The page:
By Nick Turse, TomDispatch, Jan 5, 2017
They could be found on the outskirts of Sirte, Libya, supporting local militia fighters, and in Mukalla, Yemen, backing troops from the United Arab Emirates. At Saakow, a remote outpost in southern Somalia, they assisted local commandos in killing several members of the terror group al-Shabab. Around the cities of Jarabulus and Al-Rai in northern Syria, they partnered with both Turkish soldiers and Syrian militias, while also embedding with Kurdish YPG fighters and the Syrian Democratic Forces. Across the border in Iraq, still others joined the fight to liberate the city of Mosul. And in Afghanistan, they assisted indigenous forces in various missions, just as they have every year since 2001.
For America, 2016 may have been the year of the commando. In one conflict zone after another across the northern tier of Africa and the Greater Middle East, U.S. Special Operations forces (SOF) waged their particular brand of low-profile warfare. “Winning the current fight, including against the Islamic State, al-Qaeda, and other areas where SOF is engaged in conflict and instability, is an immediate challenge,” the chief of U.S. Special Operations Command (SOCOM), General Raymond Thomas, told the Senate Armed Services Committee last year.
SOCOM’s shadow wars against terror groups like al-Qaeda and the Islamic State (also known as ISIL) may, ironically, be its most visible operations. Shrouded in even more secrecy are its activities — from counterinsurgency and counterdrug efforts to seemingly endless training and advising missions — outside acknowledged conflict zones across the globe. These are conducted with little fanfare, press coverage, or oversight in scores of nations every single day. From Albania to Uruguay, Algeria to Uzbekistan, America’s most elite forces — Navy SEALs and Army Green Berets among them — were deployed to 138 countries in 2016, according to figures supplied to TomDispatch by U.S. Special Operations Command. This total, one of the highest of Barack Obama’s presidency, typifies what has become the golden age of, in SOF-speak, the “gray zone” — a phrase used to describe the murky twilight between war and peace. The coming year is likely to signal whether this era ends with Obama or continues under President-elect Donald Trump’s administration…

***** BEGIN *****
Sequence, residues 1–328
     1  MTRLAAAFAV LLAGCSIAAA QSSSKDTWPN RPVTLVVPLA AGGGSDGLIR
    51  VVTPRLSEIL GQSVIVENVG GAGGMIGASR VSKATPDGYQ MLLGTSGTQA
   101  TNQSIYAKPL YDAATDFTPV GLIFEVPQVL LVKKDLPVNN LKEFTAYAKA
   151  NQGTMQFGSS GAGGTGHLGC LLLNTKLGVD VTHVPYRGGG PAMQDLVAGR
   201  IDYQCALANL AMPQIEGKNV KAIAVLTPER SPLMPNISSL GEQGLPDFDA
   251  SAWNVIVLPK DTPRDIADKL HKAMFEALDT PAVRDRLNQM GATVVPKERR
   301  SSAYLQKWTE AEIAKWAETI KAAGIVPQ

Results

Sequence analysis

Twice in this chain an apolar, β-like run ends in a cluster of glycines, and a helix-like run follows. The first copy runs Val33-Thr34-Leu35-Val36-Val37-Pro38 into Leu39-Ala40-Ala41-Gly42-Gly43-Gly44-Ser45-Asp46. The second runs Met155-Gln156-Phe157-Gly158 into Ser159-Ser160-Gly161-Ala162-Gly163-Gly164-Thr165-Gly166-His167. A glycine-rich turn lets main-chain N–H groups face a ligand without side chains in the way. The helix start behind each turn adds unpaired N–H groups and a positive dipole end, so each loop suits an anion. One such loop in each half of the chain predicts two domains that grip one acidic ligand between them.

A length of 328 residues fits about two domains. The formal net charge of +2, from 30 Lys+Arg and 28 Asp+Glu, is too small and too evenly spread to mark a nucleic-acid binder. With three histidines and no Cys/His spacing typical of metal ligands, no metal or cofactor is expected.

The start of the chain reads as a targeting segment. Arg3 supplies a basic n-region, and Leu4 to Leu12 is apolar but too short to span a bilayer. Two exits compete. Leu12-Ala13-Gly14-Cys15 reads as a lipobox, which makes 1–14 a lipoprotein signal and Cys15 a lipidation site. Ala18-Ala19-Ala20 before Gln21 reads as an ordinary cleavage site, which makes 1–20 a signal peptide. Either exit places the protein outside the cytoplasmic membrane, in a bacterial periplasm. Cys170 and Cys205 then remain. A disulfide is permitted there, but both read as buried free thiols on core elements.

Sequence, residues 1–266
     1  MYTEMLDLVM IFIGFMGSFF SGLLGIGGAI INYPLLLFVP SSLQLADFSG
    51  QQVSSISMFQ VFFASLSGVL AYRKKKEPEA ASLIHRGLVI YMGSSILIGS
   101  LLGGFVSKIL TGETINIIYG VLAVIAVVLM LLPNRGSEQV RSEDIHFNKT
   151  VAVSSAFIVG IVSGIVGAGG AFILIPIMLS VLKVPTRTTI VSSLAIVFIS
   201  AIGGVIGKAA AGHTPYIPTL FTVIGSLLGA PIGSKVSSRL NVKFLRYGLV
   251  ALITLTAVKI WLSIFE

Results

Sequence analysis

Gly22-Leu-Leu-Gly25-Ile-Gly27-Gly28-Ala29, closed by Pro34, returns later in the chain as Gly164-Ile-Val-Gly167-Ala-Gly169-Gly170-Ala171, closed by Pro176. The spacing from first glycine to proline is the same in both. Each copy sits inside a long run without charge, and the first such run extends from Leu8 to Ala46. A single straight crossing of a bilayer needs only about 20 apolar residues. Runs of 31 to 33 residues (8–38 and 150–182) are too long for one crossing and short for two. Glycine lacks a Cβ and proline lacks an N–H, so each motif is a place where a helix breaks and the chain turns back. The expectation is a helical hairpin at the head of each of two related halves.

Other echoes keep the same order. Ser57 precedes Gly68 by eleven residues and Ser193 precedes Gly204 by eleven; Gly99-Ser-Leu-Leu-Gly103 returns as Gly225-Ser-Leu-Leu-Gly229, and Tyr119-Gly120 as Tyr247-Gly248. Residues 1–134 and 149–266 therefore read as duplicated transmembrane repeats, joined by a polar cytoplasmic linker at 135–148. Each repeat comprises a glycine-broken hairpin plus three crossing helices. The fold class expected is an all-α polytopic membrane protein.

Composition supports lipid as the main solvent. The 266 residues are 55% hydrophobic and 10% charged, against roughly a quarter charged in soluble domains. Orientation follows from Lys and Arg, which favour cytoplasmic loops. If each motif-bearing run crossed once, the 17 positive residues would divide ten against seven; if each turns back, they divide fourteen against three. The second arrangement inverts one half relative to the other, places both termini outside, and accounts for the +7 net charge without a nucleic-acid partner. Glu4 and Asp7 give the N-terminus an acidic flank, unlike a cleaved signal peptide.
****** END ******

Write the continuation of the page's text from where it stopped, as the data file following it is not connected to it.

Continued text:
Read the full article, with extensive maps and references, at the weblink above. The article is introduced by TomDispatch publisher Tom Engelhardt.
Nick Turse (b 1975) is an American investigative journalist, historian, and author. He is the managing editor of the TomDispatch.com news website and a fellow at The Nation Institute. [Wikipedia] He is the author of the 2013 book ‘Kill Anything That Moves’: A History of Vietnamese Civilian Suffering at the Hands of U.S. Troops During the Vietnam War. You can watch an interview with Nick Turse about that book with Chris Hedges on the Jan 3, 2017 broadcast of RT.com’s ‘On Contact’, hosted by Chris Hedges. To watch the broadcast, click here, or click the screen below.